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New Technology Paints Narratives About Nature Conservation

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Topher White is one of the leaders in artificial intelligence (AI)-based nature conservation. He started a unique nonprofit called Rainforest Connection (RFCx) in 2014. Using a homemade sound analyzer and upcycled cell phones, the organization significantly reduced illegal activity in the jungles of Latin America, Africa, and Indonesia. 

Called Guardians, the technology is powered by solar panels and installed in towering trees. The microphones in cell phones can pick up sounds throughout the forest. White used the devices to prevent illegal logging, a problem that has plagued the Amazon rainforest for decades.

Using AI software called Arbimon, the RFCx team can analyze sound patterns to detect chainsaw buzzes and animal species. 

According to the organization’s website, the impact of its work has been widely felt. More than 3,200 species of animals have been recorded for automatic detection in Arbimon. Of that, 292 were endangered or vulnerable, and over 640 species were automatically detected in real-time. Thanks to some assistance from Google AI, Guardians has reduced illegal logging, protected Tribal lands, and aided in species recognition in 35 countries.

Now, White is bringing this technology to our backyards. His latest product, Delta by Squibbon, aims to provide consumers with educational opportunities about conservation at home. The Business Download spoke with White about Delta’s upcoming launch and how it will help paint narratives about protecting nature. 

Photo Courtesy Parvene Michaels via Squibbon

TBD: Topher, thank you very much for chatting with me today! Can you take me through how AI has helped with nature conservation? You said you can analyze the sounds of the forests and make conclusions based on them.

Topher White: The idea is that you have a tremendous amount of audio; you need to be able to pick up things like chainsaws or animal sounds. You run it through a detection and filtering mechanism. We’ve been doing that for a long time, but I think our major innovation was Arbimon. It’s extremely good at creating data sets for new models. 

By combining pattern matching recognition to create training sets very quickly from just a little bit of time from the [team] scientist, you can add species to the list overall.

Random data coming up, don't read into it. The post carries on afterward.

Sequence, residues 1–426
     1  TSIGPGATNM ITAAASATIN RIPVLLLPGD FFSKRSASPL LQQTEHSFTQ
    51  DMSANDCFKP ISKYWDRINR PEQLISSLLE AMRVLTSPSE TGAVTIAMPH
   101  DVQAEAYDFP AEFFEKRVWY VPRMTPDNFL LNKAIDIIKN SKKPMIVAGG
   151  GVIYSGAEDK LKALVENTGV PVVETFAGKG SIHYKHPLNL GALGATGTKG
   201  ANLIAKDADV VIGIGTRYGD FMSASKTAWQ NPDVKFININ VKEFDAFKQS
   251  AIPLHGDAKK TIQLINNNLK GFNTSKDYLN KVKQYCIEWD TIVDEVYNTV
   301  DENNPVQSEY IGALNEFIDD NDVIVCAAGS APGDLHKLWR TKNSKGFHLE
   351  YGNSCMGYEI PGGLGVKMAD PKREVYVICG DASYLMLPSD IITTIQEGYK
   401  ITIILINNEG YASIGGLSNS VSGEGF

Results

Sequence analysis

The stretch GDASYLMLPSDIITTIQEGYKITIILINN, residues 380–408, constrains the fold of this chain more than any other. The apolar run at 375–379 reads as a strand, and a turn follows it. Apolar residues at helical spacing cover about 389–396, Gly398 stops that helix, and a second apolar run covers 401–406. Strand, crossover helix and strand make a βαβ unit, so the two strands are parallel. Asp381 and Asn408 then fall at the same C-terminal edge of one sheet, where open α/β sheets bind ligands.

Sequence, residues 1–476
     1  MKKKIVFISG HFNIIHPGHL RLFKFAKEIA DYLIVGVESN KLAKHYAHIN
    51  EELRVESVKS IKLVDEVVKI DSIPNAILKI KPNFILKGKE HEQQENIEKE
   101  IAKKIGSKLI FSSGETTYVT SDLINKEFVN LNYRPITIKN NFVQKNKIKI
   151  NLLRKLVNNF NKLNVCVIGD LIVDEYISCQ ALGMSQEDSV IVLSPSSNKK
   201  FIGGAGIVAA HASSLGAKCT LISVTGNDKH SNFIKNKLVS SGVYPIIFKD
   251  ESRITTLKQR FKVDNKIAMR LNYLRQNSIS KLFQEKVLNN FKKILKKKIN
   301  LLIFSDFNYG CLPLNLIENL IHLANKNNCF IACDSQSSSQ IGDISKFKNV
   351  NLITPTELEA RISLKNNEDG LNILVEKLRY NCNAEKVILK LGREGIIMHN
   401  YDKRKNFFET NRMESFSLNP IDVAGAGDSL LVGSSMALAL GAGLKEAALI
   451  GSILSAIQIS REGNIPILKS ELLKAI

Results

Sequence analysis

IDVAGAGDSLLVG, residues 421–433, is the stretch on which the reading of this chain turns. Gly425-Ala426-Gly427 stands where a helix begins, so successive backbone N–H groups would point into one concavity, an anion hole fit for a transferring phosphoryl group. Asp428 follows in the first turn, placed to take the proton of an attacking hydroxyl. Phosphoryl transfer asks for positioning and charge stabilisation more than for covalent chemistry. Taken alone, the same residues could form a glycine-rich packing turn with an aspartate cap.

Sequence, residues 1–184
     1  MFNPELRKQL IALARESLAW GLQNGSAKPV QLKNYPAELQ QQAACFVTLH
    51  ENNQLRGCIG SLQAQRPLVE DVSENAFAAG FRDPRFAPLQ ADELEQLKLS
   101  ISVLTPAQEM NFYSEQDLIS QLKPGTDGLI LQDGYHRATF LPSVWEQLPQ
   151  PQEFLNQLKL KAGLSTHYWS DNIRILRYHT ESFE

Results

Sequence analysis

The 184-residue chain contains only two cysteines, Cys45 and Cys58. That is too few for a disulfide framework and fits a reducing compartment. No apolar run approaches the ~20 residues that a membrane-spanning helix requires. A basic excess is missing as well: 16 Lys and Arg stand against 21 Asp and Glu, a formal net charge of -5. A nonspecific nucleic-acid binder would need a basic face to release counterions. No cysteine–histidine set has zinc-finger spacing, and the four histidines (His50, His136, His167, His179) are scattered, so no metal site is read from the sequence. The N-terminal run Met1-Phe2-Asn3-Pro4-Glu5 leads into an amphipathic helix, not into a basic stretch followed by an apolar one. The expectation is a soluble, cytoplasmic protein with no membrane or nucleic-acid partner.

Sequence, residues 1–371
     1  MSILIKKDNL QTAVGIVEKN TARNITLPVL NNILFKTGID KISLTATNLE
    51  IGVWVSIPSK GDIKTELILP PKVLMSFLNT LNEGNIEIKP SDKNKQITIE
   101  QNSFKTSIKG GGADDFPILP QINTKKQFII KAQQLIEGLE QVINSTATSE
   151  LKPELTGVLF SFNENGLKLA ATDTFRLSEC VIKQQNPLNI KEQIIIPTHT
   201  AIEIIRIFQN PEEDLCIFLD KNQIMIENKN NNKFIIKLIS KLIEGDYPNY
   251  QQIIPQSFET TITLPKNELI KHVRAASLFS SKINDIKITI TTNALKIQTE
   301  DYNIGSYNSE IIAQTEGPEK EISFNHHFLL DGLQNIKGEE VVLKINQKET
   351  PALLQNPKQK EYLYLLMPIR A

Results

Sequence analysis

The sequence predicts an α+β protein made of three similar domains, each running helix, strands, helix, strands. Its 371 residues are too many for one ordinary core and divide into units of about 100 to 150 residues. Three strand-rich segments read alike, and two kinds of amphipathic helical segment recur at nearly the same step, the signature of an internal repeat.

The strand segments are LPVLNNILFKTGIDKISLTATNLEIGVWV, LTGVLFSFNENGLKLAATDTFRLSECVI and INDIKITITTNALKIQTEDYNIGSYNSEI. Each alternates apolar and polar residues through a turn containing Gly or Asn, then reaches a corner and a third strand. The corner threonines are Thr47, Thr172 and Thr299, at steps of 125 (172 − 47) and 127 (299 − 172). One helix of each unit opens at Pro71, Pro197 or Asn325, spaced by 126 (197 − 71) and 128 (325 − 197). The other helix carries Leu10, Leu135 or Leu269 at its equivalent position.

You can get into self-enforcing models that can detect new species we haven’t heard before, or at the very least, add species to the models that haven’t been trained on over time. We hope to gather models that can detect and differentiate every species on Earth. 

TBD: You mentioned the new Delta technology is targeting the consumer market. Does that mean Guardians will still mostly be used for rainforest protection efforts?

White: Correct, and we’ll replace Guardian at some point, but it’s a pretty big proposition to put something up in the rainforest. Delta is brand-new, so we want to test it first before we do that. 

TBD: When did you decide to use solar panels to power both Guardians and Delta? 

White: I’d say it was at the very beginning. I knew they had to be powered; I was like, “Oh, we use solar panels.” But forests are actually quite dark. And trees are really great at growing into all the [canopy] gaps. We were screwed for a while, trying to figure out how to get around that. 

Eventually, we got into climbing trees and built a new kind of solar panel that was a little better adapted to what was up there. I could go on about solar panels for a whole day — I love them. 

Photo Courtesy Parvene Michaels via Squibbon

TBD: Can you describe how Delta will work and create these narrative-driven lessons on conservation?

White: Sure thing. You put the device in your backyard, you install it on your balcony, or you take it camping and set it up at the campsite. The moment you put it up, take your phone and put it right in between the device. You turn the phone around, take a simple panorama of 360 degrees, or at least as much as the phone is able to see. 

At this point, you’ll be able to map your yard just based on that image and say, “Oh, that’s the bench, that’s the oak tree, that’s the fence, front door, etc.” 

So, as you leave it there, when animals come through, three microphones work together to locate the animals within your yard. You’ll be able to listen in live and also in the reports. Those all become data points in the system that are within a timeline. 

Then we’ll make use of generative AI to take those data points of animal occurrences and weave imaginative stories, stories that take a lot of creative freedom but are still tied back to legitimate animal visits in your backyard. 

Say a new animal shows up, you get the chance to name it, i.e., Stephanie the Skunk or Roger the Crow. We essentially use an LLM [Large Language Model] to tell stories based on themes you feed it. 

So you can be like, “Oh, I’d like my child to have a story.” It’s probably going to take place over three or four days, with a new chapter every night based on animals that got to come through. So you could take a photo of something like “Where the Wild Things Are,” and it becomes that through Delta. 

Delta by Squibbon launched on April 7, 2023. The company provides a video giving more details on the product. White’s new venture will help people understand how intriguing nature is. With greater respect for the natural world, we may be more inspired to do to save it. 


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